If the tenant is performing the tenant improvement work, the landlord usually agrees to provide a set period of time for the tenant to complete the work before the tenant is obligated to start making regular payments of rent. The tenant will want to make sure that the agreed period of time is sufficient for it to complete the tenant improvements before the lease term (and the obligation to pay rent) starts. The important thing for a tenant to remember in this instance is that it will have to start paying rent on a given date whether or not it has completed its tenant improvement work. This means that the tenant may be obligated to start paying rent but will not be able to use the space for its intended purpose. In order to avoid this result, the tenant should engage design and construction professionals early in the lease process to determine a realistic timeline for the tenant’s improvement work and to ensure that the work will be completed on time.
Often, both the landlord and the tenant are responsible for some portion of the tenant improvement work required by the tenant for its anticipated use and occupancy. In this situation, it is critical for the parties to cooperate and for the work to be coordinated. The lease should address the coordination of the work and provide that a party’s obligation to perform its work may be suspended during a period of delay or interruption caused by the other party. For example, it is not uncommon for the landlord to be required to perform certain base building improvements for a space, such as the construction of structural components and the installation of the building systems, before the space is turned over to the tenant for the tenant to install its tenant improvements. In this case, the time period agreed by the parties for the tenant to complete its tenant improvement work should not commence until the landlord has completed the work the landlord is required to perform, or at least the portion needed to be completed in order to permit the tenant to commence its work. If there will be overlap of the work to be performed by the tenant and the landlord, then to the extent one party’s work interferes with the completion of the other party’s work, that interference should constitute a delay and otherwise extend the other party’s time to perform its obligations.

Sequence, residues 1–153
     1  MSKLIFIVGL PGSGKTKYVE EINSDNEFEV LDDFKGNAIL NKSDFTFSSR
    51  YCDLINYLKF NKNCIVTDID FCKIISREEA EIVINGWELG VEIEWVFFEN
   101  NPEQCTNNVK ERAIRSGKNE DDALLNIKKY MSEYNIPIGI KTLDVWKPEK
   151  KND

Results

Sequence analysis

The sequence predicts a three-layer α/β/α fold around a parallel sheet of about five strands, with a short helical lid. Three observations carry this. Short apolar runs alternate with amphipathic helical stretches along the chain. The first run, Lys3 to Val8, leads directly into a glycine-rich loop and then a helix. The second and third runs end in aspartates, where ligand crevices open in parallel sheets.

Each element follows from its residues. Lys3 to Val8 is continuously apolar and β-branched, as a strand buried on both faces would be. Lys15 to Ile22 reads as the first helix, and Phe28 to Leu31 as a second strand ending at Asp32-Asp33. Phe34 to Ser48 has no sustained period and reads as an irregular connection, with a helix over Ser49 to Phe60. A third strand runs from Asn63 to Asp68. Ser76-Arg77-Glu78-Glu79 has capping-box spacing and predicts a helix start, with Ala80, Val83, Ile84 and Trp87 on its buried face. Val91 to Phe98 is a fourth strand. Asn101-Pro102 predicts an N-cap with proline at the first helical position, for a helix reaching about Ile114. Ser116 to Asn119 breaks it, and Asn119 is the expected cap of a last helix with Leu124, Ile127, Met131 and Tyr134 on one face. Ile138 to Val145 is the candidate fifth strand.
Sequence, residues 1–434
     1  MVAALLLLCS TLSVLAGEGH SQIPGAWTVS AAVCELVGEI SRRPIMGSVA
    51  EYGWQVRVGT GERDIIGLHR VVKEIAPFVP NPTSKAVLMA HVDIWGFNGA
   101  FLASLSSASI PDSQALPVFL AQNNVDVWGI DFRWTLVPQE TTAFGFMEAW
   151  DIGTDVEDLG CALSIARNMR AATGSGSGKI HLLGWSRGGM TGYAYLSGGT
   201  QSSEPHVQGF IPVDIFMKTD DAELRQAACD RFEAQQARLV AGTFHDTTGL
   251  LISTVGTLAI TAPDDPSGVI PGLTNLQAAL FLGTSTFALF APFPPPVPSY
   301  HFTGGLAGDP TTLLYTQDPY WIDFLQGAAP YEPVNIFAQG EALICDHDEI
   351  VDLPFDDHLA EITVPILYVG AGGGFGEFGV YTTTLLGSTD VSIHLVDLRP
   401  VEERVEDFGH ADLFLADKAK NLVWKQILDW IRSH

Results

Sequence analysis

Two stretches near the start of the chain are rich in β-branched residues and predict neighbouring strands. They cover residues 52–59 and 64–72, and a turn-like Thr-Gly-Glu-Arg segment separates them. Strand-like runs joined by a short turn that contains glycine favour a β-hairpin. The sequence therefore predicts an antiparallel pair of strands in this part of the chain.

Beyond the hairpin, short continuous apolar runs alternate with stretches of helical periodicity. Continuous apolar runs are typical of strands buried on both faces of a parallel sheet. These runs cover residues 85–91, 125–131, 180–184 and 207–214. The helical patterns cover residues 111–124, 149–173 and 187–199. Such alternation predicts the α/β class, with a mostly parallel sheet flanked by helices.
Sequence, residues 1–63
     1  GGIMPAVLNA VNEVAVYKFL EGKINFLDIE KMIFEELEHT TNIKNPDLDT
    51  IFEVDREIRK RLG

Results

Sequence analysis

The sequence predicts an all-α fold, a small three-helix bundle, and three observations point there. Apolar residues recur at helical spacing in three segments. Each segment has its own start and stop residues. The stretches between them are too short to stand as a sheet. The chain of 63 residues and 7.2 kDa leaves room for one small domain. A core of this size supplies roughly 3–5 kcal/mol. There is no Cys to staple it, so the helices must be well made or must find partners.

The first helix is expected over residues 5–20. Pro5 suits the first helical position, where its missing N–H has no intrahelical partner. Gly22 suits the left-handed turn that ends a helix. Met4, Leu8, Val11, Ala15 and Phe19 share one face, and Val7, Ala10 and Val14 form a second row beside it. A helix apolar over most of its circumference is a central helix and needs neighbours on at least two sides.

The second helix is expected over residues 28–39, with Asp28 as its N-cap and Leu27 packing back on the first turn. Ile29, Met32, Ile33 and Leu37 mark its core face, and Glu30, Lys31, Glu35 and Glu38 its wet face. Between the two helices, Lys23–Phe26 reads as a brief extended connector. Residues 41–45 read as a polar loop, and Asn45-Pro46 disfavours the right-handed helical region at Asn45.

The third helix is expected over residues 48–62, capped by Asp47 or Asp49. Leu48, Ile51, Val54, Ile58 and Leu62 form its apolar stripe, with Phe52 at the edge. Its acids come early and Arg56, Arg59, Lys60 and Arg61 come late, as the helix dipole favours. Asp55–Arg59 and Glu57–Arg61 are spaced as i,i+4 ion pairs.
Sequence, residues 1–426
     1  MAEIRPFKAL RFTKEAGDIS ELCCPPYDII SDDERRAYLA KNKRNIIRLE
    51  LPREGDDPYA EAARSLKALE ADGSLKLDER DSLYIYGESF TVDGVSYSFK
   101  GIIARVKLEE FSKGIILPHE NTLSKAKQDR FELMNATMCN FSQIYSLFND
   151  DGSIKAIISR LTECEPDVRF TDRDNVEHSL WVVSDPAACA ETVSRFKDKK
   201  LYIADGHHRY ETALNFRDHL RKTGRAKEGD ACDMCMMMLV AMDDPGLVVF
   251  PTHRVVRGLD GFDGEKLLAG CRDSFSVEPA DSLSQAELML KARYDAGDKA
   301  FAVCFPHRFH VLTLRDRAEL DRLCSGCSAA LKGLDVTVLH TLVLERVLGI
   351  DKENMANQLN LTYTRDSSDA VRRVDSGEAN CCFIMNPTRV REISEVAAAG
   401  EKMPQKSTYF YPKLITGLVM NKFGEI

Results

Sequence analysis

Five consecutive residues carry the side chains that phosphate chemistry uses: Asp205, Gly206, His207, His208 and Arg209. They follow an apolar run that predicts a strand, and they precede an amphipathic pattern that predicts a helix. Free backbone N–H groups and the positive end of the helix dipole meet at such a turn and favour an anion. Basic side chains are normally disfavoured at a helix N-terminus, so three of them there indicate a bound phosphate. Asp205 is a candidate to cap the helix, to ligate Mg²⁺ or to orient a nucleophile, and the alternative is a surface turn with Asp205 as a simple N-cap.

The parties should also address any other penalties that may arise out of a delay. In addition to extending time periods to perform, a delay by either party has other implications. For example, if the tenant is causing a delay preventing the landlord from completing its work on time, then the tenant should expect to be responsible for the lost rents that might arise from such delay. Likewise, if the landlord delays the tenant’s completion of its work, then the landlord may be liable for tenant’s holdover rent arising out of its delay in vacating its existing premises or may be required to provide the tenant some free rent once the new lease term commences.